By Daniel Kalder
Yesterday, we looked at the top publishers and booksellers in Russia. Today, we consider the books themselves — the top genres, authors, and how much they get paid. Again, our quartet of knowledgeable guides includes Julia Goumen, one half of Russia’s premier literary agency — Goumen & Smirnova; Alexander Ivanov, publisher of the legendary and highly influential Ad Marginem press; and Lev Danilkin, one of the top critics in Russia today, and yours truly, Daniel Kalder, a journalist formerly based in Moscow and author of Lost Cosmonauts (published in Russia in 2007).
Popular Genres: Dystopian Fiction, Coco Chanel, Tesla
Because life in the USSR was so boring, it was possible for many people to concentrate very hard on very big books, hence Russia’s reputation as a nation of serious readers. For instance, a friend of mine once went on holiday to the Black Sea and brought Hegel with her as a beach read. These days, she prefers to watch The Matrix and listen to Russian punk music.
“The most popular genres in fiction are detective novels and fantasy,” says Ivanov. The only bestseller whose name is likely to be familiar to non-Russians is Boris Akunin who has sold over 20 million books of his post modern historical detective fictions in his home country. Daria Dontsova, the author of a series of light, humorous “ironic detective” stories, has sold 50 million copies. But there are others who sell hundreds of thousands of each book they write, such as Dmitri Glukhovsky, whose dystopian science fiction series Moskva 2033 (published by Gollancz in UK) is now approaching total sales of one million copies. The romantic comedies of Elena Kolina are also top sellers. Sales of 50,000 and above constitute a bestseller; 100,000 and above constitute a mega bestseller.
Of course, very few authors enjoy that kind of success. “A writer with a solid backlist and name in the modern Russian landscape has the first printing of 7,000-10,000 copies,” says Goumen. “A writer with one or two books published will be offered the first printing of 3,000-5,000 copies. And a debut writer starts from 2,000 copies.”
The only “literary” authors who approach bestseller-hood are the metaphysical surrealist Viktor Pelevin (around 150,000 of his last novel were printed) and Ludmilla Ulitskaya, whose Daniel Stein, Interpreter was published in English by Overlook earlier this year. Goumen adds however that if a literary author wants to increase sales, there is a very simple step to be taken: “When a literary author takes on an anti-utopia…their printings soar up.”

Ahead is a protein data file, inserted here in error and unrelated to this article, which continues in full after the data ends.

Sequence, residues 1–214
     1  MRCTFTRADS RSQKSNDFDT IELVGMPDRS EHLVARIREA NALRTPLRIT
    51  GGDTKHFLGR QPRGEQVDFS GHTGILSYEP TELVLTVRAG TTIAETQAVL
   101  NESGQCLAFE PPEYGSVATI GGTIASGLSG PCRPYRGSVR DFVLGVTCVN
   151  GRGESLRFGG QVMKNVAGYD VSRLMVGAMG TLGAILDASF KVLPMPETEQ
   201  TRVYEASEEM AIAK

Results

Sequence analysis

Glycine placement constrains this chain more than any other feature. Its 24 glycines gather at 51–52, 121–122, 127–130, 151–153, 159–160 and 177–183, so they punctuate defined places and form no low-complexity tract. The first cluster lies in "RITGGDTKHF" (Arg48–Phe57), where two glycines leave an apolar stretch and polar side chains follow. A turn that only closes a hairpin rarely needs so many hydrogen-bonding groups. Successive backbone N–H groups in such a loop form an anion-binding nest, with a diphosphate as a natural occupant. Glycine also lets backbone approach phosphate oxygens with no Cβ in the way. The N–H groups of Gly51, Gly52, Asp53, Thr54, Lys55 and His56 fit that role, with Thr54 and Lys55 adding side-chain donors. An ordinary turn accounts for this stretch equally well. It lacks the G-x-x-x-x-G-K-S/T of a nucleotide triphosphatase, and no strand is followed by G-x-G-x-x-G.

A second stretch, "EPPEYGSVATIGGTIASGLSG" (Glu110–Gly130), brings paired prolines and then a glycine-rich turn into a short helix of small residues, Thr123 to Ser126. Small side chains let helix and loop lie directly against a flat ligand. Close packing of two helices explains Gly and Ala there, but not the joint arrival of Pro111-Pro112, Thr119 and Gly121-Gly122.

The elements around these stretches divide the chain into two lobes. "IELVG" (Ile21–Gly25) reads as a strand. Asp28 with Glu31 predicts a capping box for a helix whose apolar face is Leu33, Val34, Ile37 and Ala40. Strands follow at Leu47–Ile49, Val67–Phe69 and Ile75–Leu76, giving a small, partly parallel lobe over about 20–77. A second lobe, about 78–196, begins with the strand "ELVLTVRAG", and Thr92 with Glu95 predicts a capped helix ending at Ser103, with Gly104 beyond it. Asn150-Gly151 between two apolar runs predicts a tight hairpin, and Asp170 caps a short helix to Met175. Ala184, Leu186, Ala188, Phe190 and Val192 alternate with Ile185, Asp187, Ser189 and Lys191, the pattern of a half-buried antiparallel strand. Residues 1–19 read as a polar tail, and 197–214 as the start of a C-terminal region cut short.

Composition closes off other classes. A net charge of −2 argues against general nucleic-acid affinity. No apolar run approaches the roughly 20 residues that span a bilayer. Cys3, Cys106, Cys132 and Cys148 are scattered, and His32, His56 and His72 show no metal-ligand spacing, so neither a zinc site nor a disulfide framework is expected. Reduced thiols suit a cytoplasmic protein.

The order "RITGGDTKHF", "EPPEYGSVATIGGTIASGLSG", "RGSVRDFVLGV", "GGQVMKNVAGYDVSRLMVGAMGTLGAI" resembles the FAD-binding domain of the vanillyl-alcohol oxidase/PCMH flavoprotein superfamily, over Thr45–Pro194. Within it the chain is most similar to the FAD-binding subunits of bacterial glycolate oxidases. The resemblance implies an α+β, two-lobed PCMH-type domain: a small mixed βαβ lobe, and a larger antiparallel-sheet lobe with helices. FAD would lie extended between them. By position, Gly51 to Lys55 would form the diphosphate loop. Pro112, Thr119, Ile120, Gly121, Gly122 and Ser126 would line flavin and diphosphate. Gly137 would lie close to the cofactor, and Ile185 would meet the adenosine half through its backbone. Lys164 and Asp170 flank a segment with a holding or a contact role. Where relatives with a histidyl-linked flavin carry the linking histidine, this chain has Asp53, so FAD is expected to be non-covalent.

As far as non-fiction goes, Ivanov mentions two popular genres: “There are popular books on self-healing and growing vegetables in the country but it is unlikely we can talk about the millions of copies, rather a few hundred thousand.”
Lev Danilkin meanwhile adds some delightful details: “In Russia, ‘paperized’ online diaries do well — publishers pick up popular bloggers and turn their work into books. Biography sells well — and not only those about Khodorkovsky or Stalin, but even the most bizarre people, such as Nebuchadnezzar or King Arthur. Then, there are strange mini-booms, which cannot be explained: books about Venice, books about Coco Chanel, books about the scientist Nikola Tesla. How to explain it, nobody knows, but the fact remains: you can see in one store — not even the biggest — around 30 different books about Chanel or a single shelf dedicated to books about Tesla.
Detective novels may be an extremely popular genre, but with the exception of Akunin, whose stories are set in past, there are no major homegrown talents. Danilkin offers an interesting explanation:
“The books by Dontsova are only nominally within the definition of ‘Detective.’ Yes, there is a crime and an investigation procedure, but people read them not because it is interesting to solve the equation and calculate the value of X, but rather as a comedy and a source of worldly wisdom, as a psychotherapeutic tool. The situation with detective stories in Russia is bad because, as a genre, it does not fit Russian reality. In the classical detective story it follows that, when the criminal is found, the violated world will return to harmony, and justice and law will be restored. In Russia, it is clear to everybody that the restoration of law is impossible, and that failure is not short lived, but systemic; thus detective stories here are poorly written.”
Authors, Agents and Advances
In Russia the relationship between author and publisher is much more direct than in the UK or US, and is very rarely mediated by an agent. Indeed, according to Julia Goumen:
“Goumen & Smirnova is still the one and only primary agency in Russia. There are of course agents who work as the representative of a writer, but I have never come across, nor have the publishers confirmed that there are agencies in Russia who represent a list of writers, like we do.”